As I've chronicled before, Cerberus Capital Management has agreed to acquire the six-hospital Caritas Christi chain in Boston for $830 million. Vanguard Health Systems, backed by the Blackstone group, is buying Detroit Medical Center for $700 million. And a number of for-profit hospitals are snapping up not-for-profit facilities. For example, LifePoint Hospitals recently bought Clark Regional Medical Center in Winchester, Ky., and Community Health Systems is purchasing Bluefield Regional Medical Center in Bluefield, W.Va., and Marion Regional Healthcare System in Mullins, S.C.
For-profit buyouts of not-for-profits are occurring for several reasons. For one thing, not-for-profits have found it difficult to borrow money for capital needs in the past couple of years; for-profits, in contrast, can raise money from private investors or the stock market. Also, not-for-profit hospitals are attracting investors and for-profit chains that expect healthcare reform to increase the number of paying patients by expanding insurance coverage.
Is this bad for patient care? A USA Today article suggests as much, quoting doctors and community leaders in Detroit and Boston who fear that the for-profit juggernaut will lead to curtailed services and a harder line toward the uninsured.
According to a 2006 Congressional Budget Office study, not-for-profit hospitals provide slightly more charity care than their for-profit brethren do. But a more recent IRS survey of nearly 500 not-for-profit hospitals paints a very different picture. It finds that 14 percent of the surveyed facilities provide 63 percent of the total uncompensated care. On average, the surveyed hospitals spent 9 percent of their revenues on community benefit, but 58 percent of the facilities reported spending 5 percent or less.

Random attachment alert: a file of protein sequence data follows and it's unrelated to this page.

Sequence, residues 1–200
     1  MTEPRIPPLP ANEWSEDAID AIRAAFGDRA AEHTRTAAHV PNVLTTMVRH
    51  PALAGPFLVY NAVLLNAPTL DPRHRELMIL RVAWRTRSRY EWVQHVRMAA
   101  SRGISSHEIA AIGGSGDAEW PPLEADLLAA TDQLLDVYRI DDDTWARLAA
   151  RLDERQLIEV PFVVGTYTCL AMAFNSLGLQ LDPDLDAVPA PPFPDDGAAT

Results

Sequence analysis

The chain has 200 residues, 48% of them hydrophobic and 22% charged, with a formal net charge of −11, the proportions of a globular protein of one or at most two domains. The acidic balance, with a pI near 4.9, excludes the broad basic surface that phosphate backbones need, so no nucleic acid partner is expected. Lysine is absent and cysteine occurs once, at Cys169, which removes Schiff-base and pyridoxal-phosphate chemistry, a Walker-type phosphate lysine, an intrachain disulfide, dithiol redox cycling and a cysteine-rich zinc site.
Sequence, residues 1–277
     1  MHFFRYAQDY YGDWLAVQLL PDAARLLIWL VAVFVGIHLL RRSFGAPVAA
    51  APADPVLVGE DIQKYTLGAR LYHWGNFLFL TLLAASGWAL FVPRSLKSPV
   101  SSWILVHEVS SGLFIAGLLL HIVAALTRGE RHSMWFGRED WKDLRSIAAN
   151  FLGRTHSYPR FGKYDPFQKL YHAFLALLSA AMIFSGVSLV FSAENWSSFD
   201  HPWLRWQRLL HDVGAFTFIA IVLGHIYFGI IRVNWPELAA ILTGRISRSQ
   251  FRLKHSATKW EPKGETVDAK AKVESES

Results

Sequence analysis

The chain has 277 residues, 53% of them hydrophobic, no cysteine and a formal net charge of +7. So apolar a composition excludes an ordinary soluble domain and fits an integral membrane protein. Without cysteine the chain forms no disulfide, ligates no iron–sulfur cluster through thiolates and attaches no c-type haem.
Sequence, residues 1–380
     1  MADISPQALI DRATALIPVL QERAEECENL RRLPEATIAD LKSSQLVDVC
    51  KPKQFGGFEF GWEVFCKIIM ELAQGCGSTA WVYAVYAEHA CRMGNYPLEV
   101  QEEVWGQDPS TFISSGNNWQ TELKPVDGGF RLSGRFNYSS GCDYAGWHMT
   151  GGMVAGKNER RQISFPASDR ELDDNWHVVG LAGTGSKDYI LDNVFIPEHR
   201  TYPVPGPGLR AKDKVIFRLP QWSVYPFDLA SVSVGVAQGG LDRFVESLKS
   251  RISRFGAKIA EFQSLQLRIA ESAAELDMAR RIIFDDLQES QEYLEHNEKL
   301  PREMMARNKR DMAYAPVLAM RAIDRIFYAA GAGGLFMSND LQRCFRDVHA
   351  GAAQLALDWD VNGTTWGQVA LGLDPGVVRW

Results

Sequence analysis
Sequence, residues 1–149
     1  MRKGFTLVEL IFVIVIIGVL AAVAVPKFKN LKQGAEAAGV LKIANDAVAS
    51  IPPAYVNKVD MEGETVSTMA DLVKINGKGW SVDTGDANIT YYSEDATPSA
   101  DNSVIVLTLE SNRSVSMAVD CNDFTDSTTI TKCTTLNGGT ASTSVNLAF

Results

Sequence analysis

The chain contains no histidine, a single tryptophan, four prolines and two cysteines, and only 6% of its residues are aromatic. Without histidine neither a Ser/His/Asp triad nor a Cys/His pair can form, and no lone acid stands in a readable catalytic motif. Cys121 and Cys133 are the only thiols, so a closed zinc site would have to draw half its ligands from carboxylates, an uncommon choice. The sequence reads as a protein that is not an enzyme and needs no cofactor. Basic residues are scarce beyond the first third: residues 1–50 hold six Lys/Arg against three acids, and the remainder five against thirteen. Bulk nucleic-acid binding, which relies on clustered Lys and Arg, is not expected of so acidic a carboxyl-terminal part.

What's more shocking is the report's finding that the average CEO of a not-for-profit hospital received $490,000 in compensation in 2006. Top executives at 20 of the larger hospitals took home an average $1.4 million each.
This is not surprising, however, when you consider that not-for-profits behave quite similarly to for-profits in other respects. They are just as likely to charge uninsured patients their full rates, while getting less than half of that from insurance companies. They are just as likely to garnish wages of people who don't pay their bills. They play the same hardball games that for-profit hospitals do in competing for high-admitting physicians, and in hiring key doctors so that their competitors can't have access to them. And they're just as likely to add lucrative service lines, whether or not the local community needs them.
The USA Today article quotes a University of Michigan professor as saying that not-for-profit hospitals operate more money-losing trauma and burn centers and drug rehab and mental health services than for-profits do. That's true, but in many cases, these services are part of academic medical centers that are located in urban areas. Those teaching hospitals receive federal and state subsidies for medical education and for treating the poor.
The real disaster for the poor occurs when their local hospital closes. This usually means they lose most access to care, because other hospitals may be too far away and there may be few if any primary care doctors in their area. Moreover, hospitals employ a disproportionate number of people in economically disadvantaged areas that don't have many other employers. So if for-profit hospitals want to buy not-for-profits that are in danger of going under, more power to them!
Image provided courtesy of Automatic Clusters at Geograph. Related: